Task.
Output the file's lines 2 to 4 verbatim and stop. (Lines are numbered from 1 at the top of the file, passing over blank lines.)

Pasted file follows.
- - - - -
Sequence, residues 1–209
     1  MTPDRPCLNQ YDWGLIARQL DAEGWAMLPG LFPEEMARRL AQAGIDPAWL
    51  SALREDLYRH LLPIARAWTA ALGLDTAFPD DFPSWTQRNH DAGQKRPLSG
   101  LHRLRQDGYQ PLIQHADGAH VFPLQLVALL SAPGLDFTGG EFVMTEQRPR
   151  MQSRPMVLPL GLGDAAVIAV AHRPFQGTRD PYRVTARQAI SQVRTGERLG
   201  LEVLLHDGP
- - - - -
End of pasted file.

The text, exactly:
     1  MTPDRPCLNQ YDWGLIARQL DAEGWAMLPG LFPEEMARRL AQAGIDPAWL
    51  SALREDLYRH LLPIARAWTA ALGLDTAFPD DFPSWTQRNH DAGQKRPLSG
   101  LHRLRQDGYQ PLIQHADGAH VFPLQLVALL SAPGLDFTGG EFVMTEQRPR